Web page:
That outcome will be determined by a majority vote; however, the entirety of the voting body does not have to cast its votes. For example, if only 100 of the voters show up and 51 vote in favor of a union, the hospital will still be union certified. And since Montana is not a right-to-work state, the nurses must support the union and pay union dues on a regular basis, regardless of his or her desire to do so.
Englund said for an allotted period of time, about one year, those that voted are presumed to have majority status. But after that time period, the employer can say the body that voted no longer represents the majority of the hospital or the bargaining unit and can file for a decertification.
“Practically everything that has to do with NLRB is always subject to be revisited. That includes a union certification,” Englund explained.
The Kalispell Regional website says the process, however, is not an easy one and the hospital is unable to assist in the efforts. Officials with both the union and the hospital have declared it critical that all those who are eligible to vote, do so.
If the vote turns up in favor of the union, the employer, the union and Labor Relations must settle on terms of the collective bargaining agreement. When the agreement is formed, the employer and the union sit down at a table and negotiate wages, benefits and other terms of employment, and often, the giving of one request can come at the expense of another.
The parties are required to bargain in “good faith,” but neither side is required to agree to a specific proposal, which can often lead to an extension in the bargaining process. Furthermore, Englund said a collective bargaining agreement can take a long time to establish.
“A common misconception is that the vote will go through and all of the union benefits will fall into place,” Englund said. “It can take a long time to get a collective bargaining agreement. Sometimes employers will drag their feet.”
Englund said he could not speak to whether he believes a union would be best for Kalispell Regional, but said in many cases with hospitals, unions are proven to “work and work well.” But as with any shift in a health-care environment, adjusting to change takes time.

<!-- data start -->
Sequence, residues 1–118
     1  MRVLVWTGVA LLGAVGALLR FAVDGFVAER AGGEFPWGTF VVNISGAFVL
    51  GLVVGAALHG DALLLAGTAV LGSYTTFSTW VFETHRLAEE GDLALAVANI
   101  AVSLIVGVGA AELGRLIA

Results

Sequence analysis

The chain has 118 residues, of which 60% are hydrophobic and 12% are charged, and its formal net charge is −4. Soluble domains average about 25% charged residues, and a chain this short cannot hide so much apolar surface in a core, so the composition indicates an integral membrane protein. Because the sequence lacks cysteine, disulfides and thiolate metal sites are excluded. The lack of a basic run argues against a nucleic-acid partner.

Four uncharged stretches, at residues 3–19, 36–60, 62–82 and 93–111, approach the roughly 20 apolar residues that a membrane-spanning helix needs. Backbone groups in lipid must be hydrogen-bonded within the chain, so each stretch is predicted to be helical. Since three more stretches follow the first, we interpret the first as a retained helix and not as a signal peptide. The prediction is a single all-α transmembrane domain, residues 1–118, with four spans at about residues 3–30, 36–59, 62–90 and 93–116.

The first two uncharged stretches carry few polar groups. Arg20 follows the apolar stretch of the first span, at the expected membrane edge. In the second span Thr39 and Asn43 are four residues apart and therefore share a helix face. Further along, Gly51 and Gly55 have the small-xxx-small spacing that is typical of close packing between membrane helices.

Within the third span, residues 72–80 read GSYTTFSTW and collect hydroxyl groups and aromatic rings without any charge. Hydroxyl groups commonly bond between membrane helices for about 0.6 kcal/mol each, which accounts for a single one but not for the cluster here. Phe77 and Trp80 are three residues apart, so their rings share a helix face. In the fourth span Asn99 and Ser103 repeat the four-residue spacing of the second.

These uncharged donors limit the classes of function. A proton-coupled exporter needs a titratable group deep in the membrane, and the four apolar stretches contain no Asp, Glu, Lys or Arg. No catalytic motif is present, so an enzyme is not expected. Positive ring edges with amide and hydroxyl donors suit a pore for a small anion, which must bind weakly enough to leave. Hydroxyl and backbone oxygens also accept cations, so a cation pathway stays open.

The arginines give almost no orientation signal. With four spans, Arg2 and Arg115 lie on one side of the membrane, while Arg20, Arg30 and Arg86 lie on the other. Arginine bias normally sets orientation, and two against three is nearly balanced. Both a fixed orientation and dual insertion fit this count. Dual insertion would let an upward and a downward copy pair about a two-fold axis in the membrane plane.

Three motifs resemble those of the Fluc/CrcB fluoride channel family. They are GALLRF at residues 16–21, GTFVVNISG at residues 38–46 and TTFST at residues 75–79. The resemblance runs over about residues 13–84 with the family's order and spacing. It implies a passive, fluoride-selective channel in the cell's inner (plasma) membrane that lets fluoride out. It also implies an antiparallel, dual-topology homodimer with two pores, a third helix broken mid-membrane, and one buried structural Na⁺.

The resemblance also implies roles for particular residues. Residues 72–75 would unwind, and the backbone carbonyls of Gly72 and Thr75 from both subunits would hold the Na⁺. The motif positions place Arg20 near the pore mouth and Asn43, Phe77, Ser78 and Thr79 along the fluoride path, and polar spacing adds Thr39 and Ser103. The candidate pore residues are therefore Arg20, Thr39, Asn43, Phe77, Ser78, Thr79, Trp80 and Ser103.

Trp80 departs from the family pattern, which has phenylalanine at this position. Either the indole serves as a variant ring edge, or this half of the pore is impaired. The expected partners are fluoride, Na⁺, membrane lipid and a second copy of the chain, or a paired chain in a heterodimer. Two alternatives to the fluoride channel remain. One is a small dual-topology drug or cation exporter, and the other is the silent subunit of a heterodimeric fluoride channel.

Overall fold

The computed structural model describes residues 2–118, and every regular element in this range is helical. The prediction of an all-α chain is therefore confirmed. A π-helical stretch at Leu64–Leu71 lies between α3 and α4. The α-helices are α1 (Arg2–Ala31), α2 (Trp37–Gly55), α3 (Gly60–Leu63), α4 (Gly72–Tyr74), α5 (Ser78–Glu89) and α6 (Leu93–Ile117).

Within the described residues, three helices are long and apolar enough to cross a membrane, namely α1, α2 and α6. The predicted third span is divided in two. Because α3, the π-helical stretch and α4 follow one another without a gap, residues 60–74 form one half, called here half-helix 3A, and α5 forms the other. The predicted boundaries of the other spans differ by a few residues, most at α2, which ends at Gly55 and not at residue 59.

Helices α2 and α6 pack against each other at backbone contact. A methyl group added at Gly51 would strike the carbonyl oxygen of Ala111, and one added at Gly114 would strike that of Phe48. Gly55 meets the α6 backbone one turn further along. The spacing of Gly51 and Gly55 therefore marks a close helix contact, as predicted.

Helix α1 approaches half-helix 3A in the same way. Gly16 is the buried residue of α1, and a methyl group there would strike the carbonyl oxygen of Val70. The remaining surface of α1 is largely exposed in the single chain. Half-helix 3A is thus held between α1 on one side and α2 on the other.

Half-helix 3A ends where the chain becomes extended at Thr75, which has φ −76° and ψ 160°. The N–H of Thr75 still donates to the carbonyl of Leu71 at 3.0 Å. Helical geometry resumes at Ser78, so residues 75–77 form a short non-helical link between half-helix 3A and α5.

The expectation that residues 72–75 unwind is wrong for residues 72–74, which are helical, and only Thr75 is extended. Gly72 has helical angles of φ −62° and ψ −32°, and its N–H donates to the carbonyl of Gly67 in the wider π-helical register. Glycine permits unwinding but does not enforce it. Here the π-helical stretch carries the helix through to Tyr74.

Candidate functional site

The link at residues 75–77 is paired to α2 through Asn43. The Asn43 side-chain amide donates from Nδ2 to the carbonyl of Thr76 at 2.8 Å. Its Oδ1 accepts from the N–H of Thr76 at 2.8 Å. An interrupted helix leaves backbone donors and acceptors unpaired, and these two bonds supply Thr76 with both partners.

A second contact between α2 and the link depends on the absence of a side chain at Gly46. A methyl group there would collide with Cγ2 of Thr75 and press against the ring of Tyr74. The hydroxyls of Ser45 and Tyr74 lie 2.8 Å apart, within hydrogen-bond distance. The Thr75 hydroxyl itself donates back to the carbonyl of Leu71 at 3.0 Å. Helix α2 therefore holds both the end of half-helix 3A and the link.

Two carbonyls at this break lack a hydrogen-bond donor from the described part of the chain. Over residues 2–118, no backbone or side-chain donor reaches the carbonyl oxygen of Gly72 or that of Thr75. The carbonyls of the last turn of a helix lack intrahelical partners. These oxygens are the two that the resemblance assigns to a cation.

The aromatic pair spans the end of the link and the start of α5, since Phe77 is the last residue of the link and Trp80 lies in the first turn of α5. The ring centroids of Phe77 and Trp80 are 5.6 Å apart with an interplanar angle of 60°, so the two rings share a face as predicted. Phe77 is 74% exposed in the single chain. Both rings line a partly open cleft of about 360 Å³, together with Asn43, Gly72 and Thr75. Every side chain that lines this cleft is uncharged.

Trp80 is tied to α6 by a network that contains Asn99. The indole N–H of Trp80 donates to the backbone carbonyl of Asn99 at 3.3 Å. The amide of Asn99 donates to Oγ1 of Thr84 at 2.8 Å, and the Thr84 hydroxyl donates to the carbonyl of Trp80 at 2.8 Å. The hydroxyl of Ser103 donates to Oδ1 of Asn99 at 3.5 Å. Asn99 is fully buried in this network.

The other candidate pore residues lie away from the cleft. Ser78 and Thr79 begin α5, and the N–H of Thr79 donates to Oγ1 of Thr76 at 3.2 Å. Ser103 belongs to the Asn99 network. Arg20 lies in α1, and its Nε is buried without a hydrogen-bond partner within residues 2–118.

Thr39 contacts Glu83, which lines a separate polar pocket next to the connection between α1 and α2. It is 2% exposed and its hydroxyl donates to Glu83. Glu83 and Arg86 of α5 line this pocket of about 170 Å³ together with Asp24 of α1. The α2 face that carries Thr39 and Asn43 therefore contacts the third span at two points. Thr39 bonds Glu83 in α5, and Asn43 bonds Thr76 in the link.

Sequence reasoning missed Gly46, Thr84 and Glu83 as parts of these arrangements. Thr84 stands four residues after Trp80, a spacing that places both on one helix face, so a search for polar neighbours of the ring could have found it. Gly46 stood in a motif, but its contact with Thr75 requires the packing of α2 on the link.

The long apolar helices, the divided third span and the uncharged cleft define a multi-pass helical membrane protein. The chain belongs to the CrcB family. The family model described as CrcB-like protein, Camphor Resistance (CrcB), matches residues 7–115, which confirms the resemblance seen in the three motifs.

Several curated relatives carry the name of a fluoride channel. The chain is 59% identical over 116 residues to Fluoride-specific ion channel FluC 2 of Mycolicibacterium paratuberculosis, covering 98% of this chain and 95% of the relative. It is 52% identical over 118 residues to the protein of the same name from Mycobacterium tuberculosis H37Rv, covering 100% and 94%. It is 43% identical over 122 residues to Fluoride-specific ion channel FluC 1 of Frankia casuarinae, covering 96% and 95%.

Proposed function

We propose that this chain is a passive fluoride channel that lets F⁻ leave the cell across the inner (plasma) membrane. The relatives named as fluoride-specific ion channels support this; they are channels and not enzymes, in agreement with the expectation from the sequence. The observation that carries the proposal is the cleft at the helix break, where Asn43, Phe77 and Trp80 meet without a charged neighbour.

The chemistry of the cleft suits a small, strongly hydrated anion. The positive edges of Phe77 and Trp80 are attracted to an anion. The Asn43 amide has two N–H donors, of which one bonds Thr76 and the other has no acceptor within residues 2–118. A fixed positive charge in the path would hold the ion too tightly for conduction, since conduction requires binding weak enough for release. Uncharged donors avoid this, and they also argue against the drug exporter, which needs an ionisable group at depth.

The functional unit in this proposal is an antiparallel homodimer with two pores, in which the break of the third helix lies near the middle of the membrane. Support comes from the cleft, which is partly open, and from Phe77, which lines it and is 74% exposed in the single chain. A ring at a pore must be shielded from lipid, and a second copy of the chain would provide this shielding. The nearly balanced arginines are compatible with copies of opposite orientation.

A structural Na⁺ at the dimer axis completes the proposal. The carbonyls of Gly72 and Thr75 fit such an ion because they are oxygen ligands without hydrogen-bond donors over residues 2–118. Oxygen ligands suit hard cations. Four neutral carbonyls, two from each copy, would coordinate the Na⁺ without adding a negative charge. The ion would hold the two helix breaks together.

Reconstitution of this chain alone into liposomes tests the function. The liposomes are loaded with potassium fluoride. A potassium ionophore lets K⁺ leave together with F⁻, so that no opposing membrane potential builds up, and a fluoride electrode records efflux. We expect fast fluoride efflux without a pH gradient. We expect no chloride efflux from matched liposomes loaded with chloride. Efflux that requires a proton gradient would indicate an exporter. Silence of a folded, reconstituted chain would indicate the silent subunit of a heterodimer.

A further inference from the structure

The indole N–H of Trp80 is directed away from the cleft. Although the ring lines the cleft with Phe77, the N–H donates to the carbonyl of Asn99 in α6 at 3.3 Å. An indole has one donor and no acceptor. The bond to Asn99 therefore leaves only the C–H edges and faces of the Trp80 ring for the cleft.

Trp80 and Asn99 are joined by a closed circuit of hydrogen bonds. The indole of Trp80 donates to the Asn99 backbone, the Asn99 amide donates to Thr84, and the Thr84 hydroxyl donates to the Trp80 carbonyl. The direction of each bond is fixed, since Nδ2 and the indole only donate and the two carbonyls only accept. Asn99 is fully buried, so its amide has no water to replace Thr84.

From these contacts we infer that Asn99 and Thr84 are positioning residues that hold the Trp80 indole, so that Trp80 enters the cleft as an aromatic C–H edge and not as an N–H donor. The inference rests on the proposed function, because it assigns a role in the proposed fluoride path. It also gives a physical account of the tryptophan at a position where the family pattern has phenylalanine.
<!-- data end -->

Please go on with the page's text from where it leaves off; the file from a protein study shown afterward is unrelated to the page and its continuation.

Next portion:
The Daily Inter Lake recently posted on social media, asking hospital employees to call and express their opinions regarding unionization. Reporters only heard from five employees as of Wednesday morning. Based on those conversations and others with leaders at the hospital and the union, the two sides appear polarized.
Those against unionization have said, among many other things, there is little to be desired from working in an organized labor environment and they do not believe union representation can adequately bargain for what would benefit the nursing body as a whole. Most say they do not believe Lambrecht, who has been with Kalispell Regional for about two months, has been given a fair shake in his leadership role and needs more time for his vision to come to fruition. Those in opposition have also said there could be other options to have nurses’ opinions be better heard, such as establishing a leadership council of sorts.
However, some in the other camp say a union is long overdue, especially in light of the hospital’s $24 million whistleblower lawsuit settlement from 2018 and other occurrences that have created a rift between executive leadership and employees. Among other points, some say staff are being overworked, which leads to higher turnover — an occurrence that can impact patient care, but they believe it can be helped with a union. They say Kalispell Regional can maintain its independence while also having a union, insisting they simply want a “seat at the table.”
Both sides say their desired outcome would benefit the community as a whole and lead to better patient care.
Reporter Kianna Gardner can be reached at 758-4439 or email@example.com